I have had two occasions to work with priests closely, and get to know them on that level. The first was in the early 1990s, when I was a paid sacristan at a Jesuit parish in Georgetown which shall remain nameless. The second is my current apostolate, as a Master of Ceremonies for a Traditional Latin Mass at a parish in the Virginia suburbs of DC. I have been with the latter for three and a half years.
Some of the priests in my diocese come from other parts of the country. When they go home, even to the parish where they were "bread and buttered," they are reluctant to celebrate Mass, never mind CONcelebrate. With the former, they can't predict the level of aggressiveness on the part of "communion ministers" approaching the altar, or they are reluctant to use female servers. With the latter, they cannot predict how the main celebrant -- usually the pastor, and often one drowning in narcissism -- will behave at any given point. Sometimes it puts them in an awkward position. So they resign themselves to saying a private Mass for their parents and/or family members.
Another delicate area concerns funerals. People expect to be able to give a "eulogy" after Communion, a form of remembrance of the deceased. There are good intentions to bring comfort to those who grieve, but often it occurs at the expense of the true nature of Christian burial, which is the occasion to pray for the repose of the soul of the departed, not assume they are already in Heaven. To paraphrase The Bard, you have come to bury them, not to praise them. (Julius Caesar, Act III, Scene 2.)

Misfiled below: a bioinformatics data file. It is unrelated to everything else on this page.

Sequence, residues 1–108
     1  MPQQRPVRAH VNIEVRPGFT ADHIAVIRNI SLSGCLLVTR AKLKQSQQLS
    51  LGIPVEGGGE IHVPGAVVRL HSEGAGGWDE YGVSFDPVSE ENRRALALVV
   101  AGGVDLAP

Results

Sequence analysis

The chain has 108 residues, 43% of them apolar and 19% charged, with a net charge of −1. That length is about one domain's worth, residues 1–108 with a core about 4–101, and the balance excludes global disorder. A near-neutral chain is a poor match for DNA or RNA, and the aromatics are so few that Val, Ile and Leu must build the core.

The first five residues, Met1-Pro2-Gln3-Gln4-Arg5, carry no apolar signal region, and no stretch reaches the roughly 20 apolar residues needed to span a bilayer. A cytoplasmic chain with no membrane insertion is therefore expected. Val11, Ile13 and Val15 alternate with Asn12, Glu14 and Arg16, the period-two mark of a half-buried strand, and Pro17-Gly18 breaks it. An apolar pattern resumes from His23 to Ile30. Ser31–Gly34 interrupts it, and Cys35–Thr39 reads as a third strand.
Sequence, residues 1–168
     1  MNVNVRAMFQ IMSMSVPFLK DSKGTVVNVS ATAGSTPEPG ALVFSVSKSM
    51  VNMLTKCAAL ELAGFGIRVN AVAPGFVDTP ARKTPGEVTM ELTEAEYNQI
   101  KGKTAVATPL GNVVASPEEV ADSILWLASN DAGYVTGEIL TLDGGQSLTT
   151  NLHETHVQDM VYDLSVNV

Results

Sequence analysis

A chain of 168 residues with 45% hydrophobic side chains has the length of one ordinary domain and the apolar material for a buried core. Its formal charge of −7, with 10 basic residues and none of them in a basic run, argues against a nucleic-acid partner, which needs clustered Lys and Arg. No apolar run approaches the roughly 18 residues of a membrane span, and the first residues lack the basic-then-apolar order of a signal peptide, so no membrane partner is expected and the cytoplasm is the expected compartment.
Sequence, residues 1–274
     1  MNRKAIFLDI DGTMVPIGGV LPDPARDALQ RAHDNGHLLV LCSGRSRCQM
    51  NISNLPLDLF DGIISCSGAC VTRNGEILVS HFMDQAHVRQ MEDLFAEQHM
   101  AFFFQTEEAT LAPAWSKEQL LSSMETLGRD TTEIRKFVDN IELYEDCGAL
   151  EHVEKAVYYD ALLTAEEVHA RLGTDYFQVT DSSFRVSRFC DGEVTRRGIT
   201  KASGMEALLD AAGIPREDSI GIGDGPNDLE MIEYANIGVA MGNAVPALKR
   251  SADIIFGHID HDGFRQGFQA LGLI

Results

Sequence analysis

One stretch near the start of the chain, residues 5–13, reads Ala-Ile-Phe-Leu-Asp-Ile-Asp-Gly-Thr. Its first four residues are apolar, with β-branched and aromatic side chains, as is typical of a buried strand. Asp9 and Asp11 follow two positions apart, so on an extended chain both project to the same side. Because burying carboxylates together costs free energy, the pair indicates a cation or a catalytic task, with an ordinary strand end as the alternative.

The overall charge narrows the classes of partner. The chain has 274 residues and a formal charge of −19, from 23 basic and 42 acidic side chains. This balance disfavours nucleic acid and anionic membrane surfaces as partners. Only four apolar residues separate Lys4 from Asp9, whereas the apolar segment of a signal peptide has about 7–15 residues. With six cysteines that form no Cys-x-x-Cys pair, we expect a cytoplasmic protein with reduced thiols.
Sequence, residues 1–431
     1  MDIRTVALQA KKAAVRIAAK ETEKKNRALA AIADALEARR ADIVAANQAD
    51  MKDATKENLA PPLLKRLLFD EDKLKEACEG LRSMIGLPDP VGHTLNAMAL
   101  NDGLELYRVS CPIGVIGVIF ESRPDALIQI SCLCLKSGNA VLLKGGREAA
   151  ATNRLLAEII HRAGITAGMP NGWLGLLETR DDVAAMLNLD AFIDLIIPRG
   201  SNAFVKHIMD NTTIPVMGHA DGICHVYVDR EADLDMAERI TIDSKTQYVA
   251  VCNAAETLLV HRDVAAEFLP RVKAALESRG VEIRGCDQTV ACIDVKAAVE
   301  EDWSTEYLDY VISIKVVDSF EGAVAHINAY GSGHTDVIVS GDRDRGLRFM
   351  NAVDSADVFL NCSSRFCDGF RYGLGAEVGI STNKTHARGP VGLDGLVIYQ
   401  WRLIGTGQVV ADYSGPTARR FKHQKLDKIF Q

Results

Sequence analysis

It is a fact that . No kidding, they really are not. The instruction in this area is quite specific. The most that can be permitted is for a person close to the deceased to make some sort of brief remark, but “never a eulogy of any kind.” In the interest of full disclosure, I have done two of them. The first was for a friend, and I regret that occasion (although I was quite good at it). The second was for my very saintly paternal grandmother, who lived to be one hundred. I read a transcript composed by a cousin who could not be present, then added a postscript of my own. I regret that occasion as well, but only a little.
Of course, the bishops themselves make matters worse, probably more so than even Mr Voris suggests in his latest video. Even "conservative" bishops are not above practically canonizing a departed priest, even as the latter's confreres in concelebration will go back to their parishes, and tell Mr and Mrs Dick and Jane McGillicuddy, that their dear sweet Aunt Minnie McGillicuddy will NOT have her praises sung while HE'S in charge. (Yes, Diocese of Arlington, that means you!)
I have already written something for Dad. It is very brief, includes an appeal to pray for his soul as he would wish, and is most assuredly not a eulogy. Alas, I will probably be outvoted by my brother and sisters, who will naturally assume I'm being Mister Big Shot From Washington coming home to show off. (It could happen.) I will have a Requiem Mass said for him at a privileged altar downtown, which will release him from Purgatory. But if there's a eulogy, I'll get up and walk out. As the Irish love to say: “Their friends already know, and their enemies wouldn't believe you anyway.”
I know the Old Man all too well. He'd walk out too.